Reports out of India are suggesting that the government is planning to arrange a mammoth marriage – uniting all or most 13 state-owned oil firms into one gigantic corporation, which would rival the world’s largest energy companies. It is an interesting proposition and one that the financial markets have cheered, driving a rally on the Mumbai Stock Exchange. But is it feasible, and will deliver on its promise?
The idea behind the mega merger is to create efficiency, slashing through the red tape and bureaucracy that hampers much of Indian business. The merger will not only bring refiners and retailers Indian Oil, BPCL, HPCL, MRPL and upstream producer ONGC under one roof, but also potentially include research and policy units like the Oil Industry Development Board, Petroleum Planning and Analysis Cell and Petroleum Conservation Research Association. It will, in effect, create an all-powerful Ministry of Petroleum that consolidates E&P, refining, distribution and marketing together with national energy policy and international energy diplomacy. It echoes many of the ideas that socialist nations espouse, but even countries like China and Russia have evolved towards devolution. The Ministry of Oil in the USSR was an all-controlling behemoth that imploded as Soviet Russia broke up, and even in centrally-planned China, the oil sector was divided between CNOOC (upstream), CNPC/Petrochina (downstream, north China) and Sinopec (downstream, south China).
On paper, the clout it gives India’s Oil companies is massive. Various Indian oil companies are already jointly lobbying for deals and acquisitions overseas, and bringing them under one roof increases their leverage. The inefficient overlap in many distribution and marketing activities could be consolidated, and the internal bickering that prevents large-scale infrastructure from developing rapidly could be eliminated. The government is obviously in favour of this, having initiated a similar idea back in 2005, which was shot down by a government advisory panel, which favoured smaller, nimbler firms.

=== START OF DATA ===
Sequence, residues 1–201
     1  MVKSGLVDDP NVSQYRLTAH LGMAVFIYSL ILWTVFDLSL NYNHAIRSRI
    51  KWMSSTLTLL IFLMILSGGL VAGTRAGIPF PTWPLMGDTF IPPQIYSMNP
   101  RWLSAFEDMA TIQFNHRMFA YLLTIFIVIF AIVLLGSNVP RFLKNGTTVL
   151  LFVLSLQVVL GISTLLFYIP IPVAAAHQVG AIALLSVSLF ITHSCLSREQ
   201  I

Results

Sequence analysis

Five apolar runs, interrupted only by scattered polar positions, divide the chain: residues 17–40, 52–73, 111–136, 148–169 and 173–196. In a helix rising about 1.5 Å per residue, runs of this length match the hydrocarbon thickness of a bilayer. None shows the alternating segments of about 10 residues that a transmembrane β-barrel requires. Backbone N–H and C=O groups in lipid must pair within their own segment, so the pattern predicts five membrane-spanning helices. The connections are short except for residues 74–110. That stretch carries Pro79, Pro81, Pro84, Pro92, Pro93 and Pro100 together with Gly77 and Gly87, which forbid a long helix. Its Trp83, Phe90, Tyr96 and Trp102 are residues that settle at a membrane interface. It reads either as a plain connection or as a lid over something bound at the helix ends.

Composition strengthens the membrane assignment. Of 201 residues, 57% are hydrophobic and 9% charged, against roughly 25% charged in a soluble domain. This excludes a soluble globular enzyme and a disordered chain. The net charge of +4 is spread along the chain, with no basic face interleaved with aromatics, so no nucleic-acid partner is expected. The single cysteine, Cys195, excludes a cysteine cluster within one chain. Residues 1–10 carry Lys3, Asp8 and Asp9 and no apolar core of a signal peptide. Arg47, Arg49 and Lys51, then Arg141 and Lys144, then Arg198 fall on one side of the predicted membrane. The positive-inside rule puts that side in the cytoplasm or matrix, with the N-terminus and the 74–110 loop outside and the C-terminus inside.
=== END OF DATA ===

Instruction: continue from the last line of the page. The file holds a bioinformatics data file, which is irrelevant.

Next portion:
One of the arguments back in 2005 was that to create a state monopoly would stifle innovation and eliminate privatisation. That was then, but now the government can point to Reliance and Essar Oil, two private entities that have succeeded in the stifling atmosphere, even though their access to retail is limited. Innovation would be provided by the various state research entities, linked together with the commercial arms under the same central command.
The idea is enticing, and certainly shareholders and investors are excited. But it will ultimately be judged on how well it is executed and if delivers on its promise. State monopolies are a useful tool to push through a coherent energy policy – something that India needs – but their very size and power always creates a distorted market. Monopolies have always broken up – look at Standard Oil and AT&T Bell System in the US – or breed more corruption, like recently in Brazil’s Petrobras. The merger is a short-term solution that will only create more long term complications. If consolidation must be done, India would do well to look at China’s model: ONGC is doing a great job in upstream, as is GAIL for gas. Downstream is where the best potential of consolidation can occur, and policy and research should always be kept separate from commercial concerns. A mega merger is an enticing idea, on paper, but in reality, it would be difficult to work.
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Headline crude prices for the week beginning 12 November 2018 – Brent: US$71/b; WTI: US$60/b
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